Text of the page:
12 8 United Nations Principles and Guidelines on Access to Legal Aid in Criminal Justice Systems and the International Convention on the Protection of the Rights of All Migrant Workers and Members of Their Families. 13 However, this should not be interpreted as meaning that States are bound by international and regional instruments that they have not ratified or acceded to. B. Principles Principle 1. Right to legal aid 14. Recognizing that legal aid is an essential element of a functioning criminal justice system that is based on the rule of law, a foundation for the enjoyment of other rights, including the right to a fair trial, and an important safeguard that ensures fundamental fairness and public trust in the criminal justice process, 14 States should guarantee the right to legal aid in their national legal systems at the highest possible level, including, where applicable, in the constitution. Principle 2. Responsibilities of the State 15. States should consider the provision of legal aid their duty and responsibility. To that end, they should consider, where appropriate, enacting specific legislation and regulations and ensure that a comprehensive legal aid system is in place that is accessible, effective, sustainable and credible. States should allocate the necessary human and financial resources to the legal aid system. 16. The State should not interfere with the organization of the defence of the beneficiary of legal aid or with the independence of his or her legal aid provider. 17. States should enhance the knowledge of the people about their rights and obligations under the law through appropriate means, in order to prevent criminal conduct and victimization. 13 Ibid., vol. 2220, No The term justice process is understood as defined in the Guidelines on Justice in Matters involving Child Victims and Witnesses of Crime (Economic and Social Council resolution 2005/20, annex). For the purpose of the Principles and Guidelines, the term shall also encompass extradition, transfer of prisoners and mutual legal assistance proceedings.

13 United Nations Principles and Guidelines on Access to Legal Aid in Criminal Justice Systems States should endeavour to enhance the knowledge of their communities about their justice system and its functions, the ways to file complaints before the courts and alternative dispute resolution mechanisms. 19. States should consider adopting appropriate measures for informing their communities about acts criminalized under the law. The provision of such information for those travelling to other jurisdictions, where crimes are categorized and prosecuted differently, is essential for crime prevention. Principle 3. Legal aid for persons suspected of or charged with a criminal offence 20. States should ensure that anyone who is detained, arrested, suspected of, or charged with a criminal offence punishable by a term of imprisonment or the death penalty is entitled to legal aid at all stages of the criminal justice process. 21. Legal aid should also be provided, regardless of the person s means, if the interests of justice so require, for example, given the urgency or complexity of the case or the severity of the potential penalty. 22. Children should have access to legal aid under the same conditions as or more lenient conditions than adults. 23. It is the responsibility of police, prosecutors and judges to ensure that those who appear before them who cannot afford a lawyer and/or who are vulnerable are provided access to legal aid. Principle 4. Legal aid for victims of crime 24. Without prejudice to or inconsistency with the rights of the accused, States should, where appropriate, provide legal aid to victims of crime. Principle 5. Legal aid for witnesses 25. Without prejudice to or inconsistency with the rights of the accused, States should, where appropriate, provide legal aid to witnesses of crime.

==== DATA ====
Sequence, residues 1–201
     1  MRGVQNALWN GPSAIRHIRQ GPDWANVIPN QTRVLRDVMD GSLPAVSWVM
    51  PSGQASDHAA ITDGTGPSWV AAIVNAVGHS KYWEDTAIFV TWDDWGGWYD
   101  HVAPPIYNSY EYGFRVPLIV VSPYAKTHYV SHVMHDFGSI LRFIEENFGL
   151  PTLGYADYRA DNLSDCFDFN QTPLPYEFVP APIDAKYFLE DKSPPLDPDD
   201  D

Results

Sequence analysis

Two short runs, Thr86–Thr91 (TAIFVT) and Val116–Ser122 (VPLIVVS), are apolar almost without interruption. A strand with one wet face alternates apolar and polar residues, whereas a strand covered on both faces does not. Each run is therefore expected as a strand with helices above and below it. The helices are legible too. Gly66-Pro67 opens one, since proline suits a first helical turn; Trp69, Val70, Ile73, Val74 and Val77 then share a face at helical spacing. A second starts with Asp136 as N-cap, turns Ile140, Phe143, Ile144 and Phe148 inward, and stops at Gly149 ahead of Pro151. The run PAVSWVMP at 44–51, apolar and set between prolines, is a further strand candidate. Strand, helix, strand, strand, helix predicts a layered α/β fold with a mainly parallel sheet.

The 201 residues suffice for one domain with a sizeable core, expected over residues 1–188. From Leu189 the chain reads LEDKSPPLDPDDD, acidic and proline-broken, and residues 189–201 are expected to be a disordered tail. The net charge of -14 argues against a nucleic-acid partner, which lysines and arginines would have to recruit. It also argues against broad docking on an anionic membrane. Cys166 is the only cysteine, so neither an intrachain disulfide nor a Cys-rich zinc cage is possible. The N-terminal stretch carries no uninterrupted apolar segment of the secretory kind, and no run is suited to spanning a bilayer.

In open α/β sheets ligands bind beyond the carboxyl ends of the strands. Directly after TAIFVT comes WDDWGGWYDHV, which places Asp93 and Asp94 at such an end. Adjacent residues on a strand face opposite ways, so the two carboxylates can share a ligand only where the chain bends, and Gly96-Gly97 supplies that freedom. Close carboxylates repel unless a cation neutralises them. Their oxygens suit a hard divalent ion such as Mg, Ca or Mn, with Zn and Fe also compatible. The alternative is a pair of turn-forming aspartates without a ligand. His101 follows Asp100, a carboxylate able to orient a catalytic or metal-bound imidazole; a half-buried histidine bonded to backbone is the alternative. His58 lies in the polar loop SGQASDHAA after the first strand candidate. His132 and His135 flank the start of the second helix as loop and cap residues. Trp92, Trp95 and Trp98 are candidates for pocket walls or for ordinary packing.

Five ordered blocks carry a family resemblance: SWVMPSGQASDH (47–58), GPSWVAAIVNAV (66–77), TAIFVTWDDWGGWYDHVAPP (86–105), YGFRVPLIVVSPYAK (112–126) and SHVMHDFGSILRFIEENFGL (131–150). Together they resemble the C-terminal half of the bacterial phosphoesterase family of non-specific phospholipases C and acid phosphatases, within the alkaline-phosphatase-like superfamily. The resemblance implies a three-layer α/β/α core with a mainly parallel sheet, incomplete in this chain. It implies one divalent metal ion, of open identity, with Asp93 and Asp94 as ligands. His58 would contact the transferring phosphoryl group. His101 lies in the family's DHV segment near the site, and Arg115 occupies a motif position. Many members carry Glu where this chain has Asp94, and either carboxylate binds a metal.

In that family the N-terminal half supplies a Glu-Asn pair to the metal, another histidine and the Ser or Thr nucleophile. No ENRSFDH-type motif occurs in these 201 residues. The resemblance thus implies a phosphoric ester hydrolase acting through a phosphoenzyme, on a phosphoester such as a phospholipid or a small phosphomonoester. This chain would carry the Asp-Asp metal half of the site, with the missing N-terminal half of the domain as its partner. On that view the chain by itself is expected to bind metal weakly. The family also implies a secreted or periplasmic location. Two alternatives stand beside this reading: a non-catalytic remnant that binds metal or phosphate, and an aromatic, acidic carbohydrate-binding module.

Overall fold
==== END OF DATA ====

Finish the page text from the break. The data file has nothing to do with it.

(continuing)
14 10 United Nations Principles and Guidelines on Access to Legal Aid in Criminal Justice Systems Principle 6. Non discrimination 26. States should ensure the provision of legal aid to all persons regardless of age, race, colour, gender, language, religion or belief, political or other opinion, national or social origin or property, citizenship or domicile, birth, education or social status or other status. Principle 7. Prompt and effective provision of legal aid 27. States should ensure that effective legal aid is provided promptly at all stages of the criminal justice process. 28. Effective legal aid includes, but is not limited to, unhindered access to legal aid providers for detained persons, confidentiality of communications, access to case files and adequate time and facilities to prepare their defence. Principle 8. Right to be informed 29. States should ensure that, prior to any questioning and at the time of deprivation of liberty, persons are informed of their right to legal aid and other procedural safeguards as well as of the potential consequences of voluntarily waiving those rights. 30. States should ensure that information on rights during the criminal justice process and on legal aid services is made freely available and is accessible to the public. Principle 9. Remedies and safeguards 31. States should establish effective remedies and safeguards that apply if access to legal aid is undermined, delayed or denied or if persons have not been adequately informed of their right to legal aid. Principle 10. Equity in access to legal aid 32. Special measures should be taken to ensure meaningful access to legal aid for women, children and groups with special needs, including, but not